How Do Milk Snakes Defend Themselves From Predators?

Milk snakes, thankfully, possess plenty of self-defense techniques that they use when they feel uncomfortable or threatened. The first tactic is effortless because their body color and pattern has something to do with the way they defend themselves from predators. As previously mentioned, milk snakes look like coral snakes and copperheads. Though it might play out to their disadvantage at times, predators think twice before attacking a venomous snake!

Milk snakes are also notorious for mimicking the venomous rattlesnakes. These harmless colubrids, in order to intimidate predators, beat their tail-ends swiftly on dry leaves so as to make a rattling noise that closely resembles the sound that rattlesnakes make. Mimicking or looking like venomous snakes work both to a milk snake’s advantage and disadvantage.

Yes, milk snakes do hiss and bite, besides looking like venomous snakes. Their bites are, however, non-venomous and they do not have fangs that can tear through the tissues of the prey. Milk snakes are also known to emit a musky-scented substance from their cloaca, which is sometimes termed as milk snake poop, that deters predators and humans too.

Why Do Milk Snakes Not Poison Themselves When They Eat Other Snakes?

Milk snakes maintain an ophiophagous diet, otherwise known as cannibalism, where they do not hesitate to eat other snakes, including venomous snakes. So the question arises– doesn’t the venom of the victim snake affect a milk snake adversely? Milk snakes produce a venom neutralizing antidote in their body that prevents the venom from getting into their bloodstream.

Secondly, when a milk snake swallows a venomous snake, the venom from the venom gland of the prey enters the gut system of the milk snake. In the stomach of milk snakes, the strong acids and enzymes break down the venom into amino acids that get used up by the milk snake’s body. Venom is particularly harmful when it gets injected straight into the bloodstream.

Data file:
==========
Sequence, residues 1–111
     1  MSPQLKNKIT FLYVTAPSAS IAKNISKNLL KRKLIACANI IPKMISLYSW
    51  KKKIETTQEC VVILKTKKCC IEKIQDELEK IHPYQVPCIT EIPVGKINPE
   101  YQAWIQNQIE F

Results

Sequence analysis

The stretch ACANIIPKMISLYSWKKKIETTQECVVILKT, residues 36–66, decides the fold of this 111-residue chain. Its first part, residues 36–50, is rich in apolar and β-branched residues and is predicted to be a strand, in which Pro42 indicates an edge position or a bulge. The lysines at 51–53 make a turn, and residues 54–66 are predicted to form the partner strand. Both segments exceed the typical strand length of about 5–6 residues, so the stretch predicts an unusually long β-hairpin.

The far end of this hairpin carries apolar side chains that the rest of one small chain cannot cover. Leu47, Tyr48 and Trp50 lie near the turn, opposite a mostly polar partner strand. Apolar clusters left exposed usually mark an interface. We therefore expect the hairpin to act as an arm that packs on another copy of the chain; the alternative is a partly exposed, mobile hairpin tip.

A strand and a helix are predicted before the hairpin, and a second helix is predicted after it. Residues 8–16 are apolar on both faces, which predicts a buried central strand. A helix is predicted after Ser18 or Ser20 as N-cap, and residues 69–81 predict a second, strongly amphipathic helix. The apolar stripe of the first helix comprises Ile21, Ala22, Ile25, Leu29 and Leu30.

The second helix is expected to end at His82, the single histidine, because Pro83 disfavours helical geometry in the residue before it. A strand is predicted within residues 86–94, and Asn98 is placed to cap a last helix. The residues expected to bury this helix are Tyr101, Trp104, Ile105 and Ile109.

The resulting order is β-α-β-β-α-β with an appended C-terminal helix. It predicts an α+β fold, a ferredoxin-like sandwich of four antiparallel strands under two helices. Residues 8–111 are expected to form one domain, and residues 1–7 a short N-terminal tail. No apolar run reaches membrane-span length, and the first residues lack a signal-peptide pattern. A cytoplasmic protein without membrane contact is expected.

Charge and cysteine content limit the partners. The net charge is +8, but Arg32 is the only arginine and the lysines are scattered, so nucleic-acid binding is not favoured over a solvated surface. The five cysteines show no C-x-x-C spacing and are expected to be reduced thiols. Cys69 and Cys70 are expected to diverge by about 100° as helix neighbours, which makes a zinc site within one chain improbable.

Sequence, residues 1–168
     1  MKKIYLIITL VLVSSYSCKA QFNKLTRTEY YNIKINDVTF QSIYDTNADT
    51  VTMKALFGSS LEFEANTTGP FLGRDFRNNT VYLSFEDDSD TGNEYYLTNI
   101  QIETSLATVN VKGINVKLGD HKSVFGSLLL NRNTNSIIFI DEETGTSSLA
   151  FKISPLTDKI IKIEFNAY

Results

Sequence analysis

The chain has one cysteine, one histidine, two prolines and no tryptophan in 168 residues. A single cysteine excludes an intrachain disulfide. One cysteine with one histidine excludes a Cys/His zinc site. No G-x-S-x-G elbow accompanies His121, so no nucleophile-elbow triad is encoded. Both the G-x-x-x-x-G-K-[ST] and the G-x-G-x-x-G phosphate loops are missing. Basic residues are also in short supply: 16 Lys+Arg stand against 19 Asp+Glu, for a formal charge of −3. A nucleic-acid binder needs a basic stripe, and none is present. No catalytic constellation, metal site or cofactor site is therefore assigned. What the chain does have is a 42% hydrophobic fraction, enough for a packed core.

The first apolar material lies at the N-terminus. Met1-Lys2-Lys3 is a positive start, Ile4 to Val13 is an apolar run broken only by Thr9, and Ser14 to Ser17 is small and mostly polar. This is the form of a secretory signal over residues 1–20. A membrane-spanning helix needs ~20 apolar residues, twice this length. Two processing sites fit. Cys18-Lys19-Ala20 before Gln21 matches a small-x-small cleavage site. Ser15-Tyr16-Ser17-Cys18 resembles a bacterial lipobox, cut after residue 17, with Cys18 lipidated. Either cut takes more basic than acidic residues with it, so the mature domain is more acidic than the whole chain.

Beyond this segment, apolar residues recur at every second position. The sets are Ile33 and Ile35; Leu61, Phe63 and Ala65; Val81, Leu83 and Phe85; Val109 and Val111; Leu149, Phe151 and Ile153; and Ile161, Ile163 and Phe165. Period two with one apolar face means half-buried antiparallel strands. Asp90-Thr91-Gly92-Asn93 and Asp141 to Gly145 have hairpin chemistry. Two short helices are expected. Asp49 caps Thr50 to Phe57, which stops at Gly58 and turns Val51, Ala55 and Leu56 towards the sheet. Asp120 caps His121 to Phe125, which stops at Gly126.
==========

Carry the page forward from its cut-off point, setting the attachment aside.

What To Do If Milk Snakes Bite Me?

No snake bites should be taken lightly. Even if milk snakes are not poisonous, their bites, if strong enough to have torn your skin, may become infected if left untreated.

Wash the affected area thoroughly with soap and water, then dry it completely with a clean towel. Apply an antiseptic ointment to avoid any chance of infection.  If you see pus draining out of the affected area, accompanied with pain or itchiness, do not hesitate to visit the doctor.


In conclusion, we can safely say that milk snakes are not poisonous. They are harmless colubrids that hunt using their acute vision and smell organs, and subdue their prey by constriction. They are independent from the time they hatch, and remain just as ruthless.

They are beautiful to look at, with white, black and glowing red crossbands, as if hand-painted,  dancing on their glistening bodies as they wriggle about within dense vegetation or climb up trees. They are popular as pets mainly because they are non-venomous and gentle-natured.

Hi dear readers! This is Rebecca, the lead analyst and blog writer for Snake Insider. Following in the footsteps of David’s guided path, I feel highly encouraged to make the most interesting snake-facts to a mass audience! In due time, I believe we’ll be able to present some jaw-dropping insight on snakes that’s sure to leave you begging for more! Personally, I’m a strongly motivated person to explore the most extreme environments should my work demand it. In many cases, I’ve ventured deep into territories that were never considered certain snake habitats and brought back necessary information. Rest assured I’ll surely be sharing them with you over the course of time.